The townspeople grow impressed with Edna’s ability to heal, though some suspect that the healing power she possesses is in reality the work of the Devil. One of the naysayers happens to be a devoutly religious man whose son, named Cal (played by Sam Shepard), becomes Edna’s love interest. Amidst the town’s speculation over Edna’s healing power, a couple of scientific researchers from California who have witnessed some of her public healings invite her back to California to conduct tests on her power. Cal himself eventually develops a suspicion of his own with regard to Edna’s power, wondering if there is a divine source to it.

Burstyn rightfully received an Oscar nomination for her work in this film. It's a believable performance, and one I consider among her best ever. The film features striking music composed and conducted by Maurice Jarre. Overall, this is a very good film which I happen to like a lot. Though I must say, it seemed almost like this film was a satire, made with the intention of poking fun at the deep-rooted religious convictions that can typically be found in the small towns of America’s heartland.

Wednesday, March 27, 2013

Amityville II: The Possession -- A blatant ripoff of The Exorcist

My last blog post was about a movie franchise (the James Bond film series). So, in this entry, to continue with the theme of movie franchises, I’m going to cover a movie that was part of another franchise: Amityville II: The Possession.

Amityville II poster
The 1977 book The Amityville Horror: A True Story (written by Jay Anson) was based upon the aftermath of a 1974 multiple homicide that took place in a Colonial-style house situated within a neighborhood known as Amityville, which is located in Long Island, New York. A young man by the name of Ronald DeFeo, Jr. murdered six members of his family in that house. The following year, a man named George Lutz moved into the house with his family, but that would turn out to be a short-lived stay. After only 28 days, the Lutz family decided to move out. The reason they chose to abandon the house was that they claimed to have experienced paranormal activity during the time that they lived in the house.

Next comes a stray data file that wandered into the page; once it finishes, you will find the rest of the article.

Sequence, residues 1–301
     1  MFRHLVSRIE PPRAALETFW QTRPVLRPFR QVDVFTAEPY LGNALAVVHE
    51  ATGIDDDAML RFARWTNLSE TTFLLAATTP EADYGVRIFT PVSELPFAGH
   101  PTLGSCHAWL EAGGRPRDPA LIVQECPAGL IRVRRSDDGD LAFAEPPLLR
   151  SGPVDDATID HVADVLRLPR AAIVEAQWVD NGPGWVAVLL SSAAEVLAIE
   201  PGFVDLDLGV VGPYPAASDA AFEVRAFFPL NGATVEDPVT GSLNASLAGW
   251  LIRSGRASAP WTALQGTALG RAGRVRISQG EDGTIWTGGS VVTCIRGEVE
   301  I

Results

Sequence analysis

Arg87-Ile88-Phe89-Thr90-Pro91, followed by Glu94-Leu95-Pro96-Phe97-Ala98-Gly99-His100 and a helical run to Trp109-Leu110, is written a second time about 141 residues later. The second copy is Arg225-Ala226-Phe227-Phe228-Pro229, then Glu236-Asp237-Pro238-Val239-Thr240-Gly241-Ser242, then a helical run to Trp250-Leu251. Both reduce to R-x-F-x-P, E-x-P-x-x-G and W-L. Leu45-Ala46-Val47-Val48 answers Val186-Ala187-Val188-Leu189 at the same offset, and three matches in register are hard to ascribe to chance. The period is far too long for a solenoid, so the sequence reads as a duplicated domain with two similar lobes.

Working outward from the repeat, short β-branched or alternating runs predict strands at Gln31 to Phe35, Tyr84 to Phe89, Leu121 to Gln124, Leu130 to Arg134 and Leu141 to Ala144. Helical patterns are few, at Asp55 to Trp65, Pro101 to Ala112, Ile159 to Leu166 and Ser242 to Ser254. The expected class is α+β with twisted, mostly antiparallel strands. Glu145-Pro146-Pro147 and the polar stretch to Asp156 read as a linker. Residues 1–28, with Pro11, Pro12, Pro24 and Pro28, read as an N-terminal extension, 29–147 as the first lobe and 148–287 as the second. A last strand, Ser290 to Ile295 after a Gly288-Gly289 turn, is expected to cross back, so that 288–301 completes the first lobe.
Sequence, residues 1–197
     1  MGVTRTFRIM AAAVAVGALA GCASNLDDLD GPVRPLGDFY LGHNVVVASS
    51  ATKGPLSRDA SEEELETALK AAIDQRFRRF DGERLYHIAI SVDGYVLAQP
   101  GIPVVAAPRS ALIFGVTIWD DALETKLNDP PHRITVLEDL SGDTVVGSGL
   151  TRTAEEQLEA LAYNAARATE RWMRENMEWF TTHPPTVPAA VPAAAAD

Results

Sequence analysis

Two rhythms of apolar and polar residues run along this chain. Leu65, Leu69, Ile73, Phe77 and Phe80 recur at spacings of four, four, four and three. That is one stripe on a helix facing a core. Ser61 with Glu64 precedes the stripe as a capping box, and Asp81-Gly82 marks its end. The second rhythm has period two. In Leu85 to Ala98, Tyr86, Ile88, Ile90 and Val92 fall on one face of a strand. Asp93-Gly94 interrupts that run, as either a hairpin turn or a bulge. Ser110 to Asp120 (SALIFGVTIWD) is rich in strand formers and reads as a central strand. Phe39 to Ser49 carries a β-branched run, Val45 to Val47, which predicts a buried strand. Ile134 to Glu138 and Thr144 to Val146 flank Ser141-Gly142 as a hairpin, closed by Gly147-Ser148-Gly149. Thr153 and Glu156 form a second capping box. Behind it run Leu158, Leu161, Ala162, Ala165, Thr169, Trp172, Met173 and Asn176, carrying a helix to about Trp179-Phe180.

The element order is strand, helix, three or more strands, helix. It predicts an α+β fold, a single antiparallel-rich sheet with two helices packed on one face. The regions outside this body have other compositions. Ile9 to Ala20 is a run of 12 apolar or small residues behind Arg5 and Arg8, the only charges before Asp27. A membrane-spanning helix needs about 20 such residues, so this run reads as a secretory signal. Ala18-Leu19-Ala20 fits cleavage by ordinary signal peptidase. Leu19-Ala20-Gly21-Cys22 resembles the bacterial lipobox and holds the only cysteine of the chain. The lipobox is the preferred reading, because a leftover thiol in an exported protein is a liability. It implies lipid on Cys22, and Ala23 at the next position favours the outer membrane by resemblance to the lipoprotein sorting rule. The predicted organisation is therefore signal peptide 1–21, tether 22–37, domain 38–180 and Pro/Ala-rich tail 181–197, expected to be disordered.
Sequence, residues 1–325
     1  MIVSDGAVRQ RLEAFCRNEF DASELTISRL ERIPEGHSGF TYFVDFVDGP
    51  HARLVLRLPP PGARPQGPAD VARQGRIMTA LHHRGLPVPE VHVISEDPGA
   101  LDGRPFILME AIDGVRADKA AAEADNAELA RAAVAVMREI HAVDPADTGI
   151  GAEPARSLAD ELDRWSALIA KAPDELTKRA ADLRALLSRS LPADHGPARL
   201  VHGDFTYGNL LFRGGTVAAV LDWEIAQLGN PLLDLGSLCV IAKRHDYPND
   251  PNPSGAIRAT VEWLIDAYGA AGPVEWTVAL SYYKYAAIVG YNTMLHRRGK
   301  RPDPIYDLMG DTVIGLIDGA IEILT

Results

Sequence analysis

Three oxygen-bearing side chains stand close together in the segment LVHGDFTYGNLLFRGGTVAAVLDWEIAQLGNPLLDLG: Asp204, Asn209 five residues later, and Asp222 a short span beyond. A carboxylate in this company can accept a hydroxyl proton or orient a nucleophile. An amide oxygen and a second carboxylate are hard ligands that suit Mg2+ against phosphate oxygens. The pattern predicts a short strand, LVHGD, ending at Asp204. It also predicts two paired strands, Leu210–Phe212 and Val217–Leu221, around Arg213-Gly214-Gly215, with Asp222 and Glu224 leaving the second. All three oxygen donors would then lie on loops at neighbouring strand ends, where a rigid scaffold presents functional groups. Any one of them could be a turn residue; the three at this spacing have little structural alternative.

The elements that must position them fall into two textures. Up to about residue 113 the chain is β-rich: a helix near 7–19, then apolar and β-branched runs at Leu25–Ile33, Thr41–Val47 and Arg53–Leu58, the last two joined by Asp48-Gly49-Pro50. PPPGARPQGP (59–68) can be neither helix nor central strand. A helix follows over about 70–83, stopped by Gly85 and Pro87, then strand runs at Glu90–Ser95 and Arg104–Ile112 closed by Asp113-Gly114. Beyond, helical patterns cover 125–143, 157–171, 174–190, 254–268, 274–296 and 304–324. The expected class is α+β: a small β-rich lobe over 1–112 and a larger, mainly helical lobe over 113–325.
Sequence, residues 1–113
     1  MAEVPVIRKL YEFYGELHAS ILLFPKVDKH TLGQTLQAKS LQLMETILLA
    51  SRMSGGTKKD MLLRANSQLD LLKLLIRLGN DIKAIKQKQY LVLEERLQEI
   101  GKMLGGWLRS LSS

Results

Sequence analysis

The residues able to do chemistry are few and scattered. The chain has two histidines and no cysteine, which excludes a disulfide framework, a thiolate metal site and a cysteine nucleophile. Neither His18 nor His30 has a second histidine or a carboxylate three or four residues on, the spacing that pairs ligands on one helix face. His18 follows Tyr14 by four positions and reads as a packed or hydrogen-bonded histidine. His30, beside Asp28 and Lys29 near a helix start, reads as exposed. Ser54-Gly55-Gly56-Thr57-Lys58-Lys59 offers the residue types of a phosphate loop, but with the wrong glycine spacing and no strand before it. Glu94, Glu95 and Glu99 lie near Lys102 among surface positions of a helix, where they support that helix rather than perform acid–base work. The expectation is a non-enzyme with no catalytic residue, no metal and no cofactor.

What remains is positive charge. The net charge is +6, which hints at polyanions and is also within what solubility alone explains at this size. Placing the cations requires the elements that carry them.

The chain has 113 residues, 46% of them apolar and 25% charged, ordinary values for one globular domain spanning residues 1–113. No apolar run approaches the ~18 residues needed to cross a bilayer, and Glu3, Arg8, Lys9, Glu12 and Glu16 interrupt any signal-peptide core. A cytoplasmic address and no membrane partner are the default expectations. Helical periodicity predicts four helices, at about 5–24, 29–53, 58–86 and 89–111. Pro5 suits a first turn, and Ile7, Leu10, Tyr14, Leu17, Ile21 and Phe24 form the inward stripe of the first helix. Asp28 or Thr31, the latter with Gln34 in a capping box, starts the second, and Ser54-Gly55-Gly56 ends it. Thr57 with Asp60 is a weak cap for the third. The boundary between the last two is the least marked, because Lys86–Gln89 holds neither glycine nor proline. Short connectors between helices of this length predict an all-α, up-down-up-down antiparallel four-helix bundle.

The original Amityville movie (from 1979) was based on Anson’s book, and it focused on the paranormal experiences of the Lutz family. In contrast, Amityville II, despite being the second Amityville movie is actually a prequel of sorts. This movie was based on a different book titled Murder in Amityville, written by Hans Holzer in 1979. Holzer’s book delves with what caused DeFeo to murder his family -- specifically demonic possession. So, the movie showcases the murderer’s demonic possession, hence the words “The Possession” as part of the title. However, for the movie, the DeFeo surname was changed to Montelli.

Amityville houseAmityville family
Amityville possessionAmityville possession

The plot primarily revolves around the Montelli’s elder son named Sonny who becomes possessed by a demonic entity one night while his family is out and he happens to be home alone. As a result of the possession, Sonny’s personality becomes drastically altered in the weeks that follow. One of the shocking effects of the possession is that Sonny decides to engage in an incestuous relationship with one of his sisters. And after some time, the entity that has possessed his body orders him to kill his family.

Amityville priestAmityville priest

After the murders, Sonny -- seemingly unaware of what took place -- winds up in jail. A priest who had unsuccessfully tried to bless the house shortly after the Montellis moved in decides to go visit Sonny in jail and thus determines that Sonny is possessed by a demonic entity. In the denouement, an exorcism takes place, with an unforeseen outcome and a mysterious ending.

Amityville possessionAmityville possession

This movie very obviously “drew inspiration” from The Exorcist. In fact, some of the scenes in this movie seemed almost like direct copies of some of the scenes from The Exorcist -- particularly the scene in which the priest performs the exorcism on Sonny, as well as a scene in which the words “Save Me” magically appear on Sonny’s forearm. And overall, this movie as a prequel falls flat in comparison to the original Amityville movie. Though, I can admit that some of the scenes are genuinely scary and creepy. Nonetheless, this is an awful movie with no famous actors other than Burt Young who plays Sonny’s father. But, the movie deserves a mention here, as it was one of the many movies that I saw as a child in the 80s.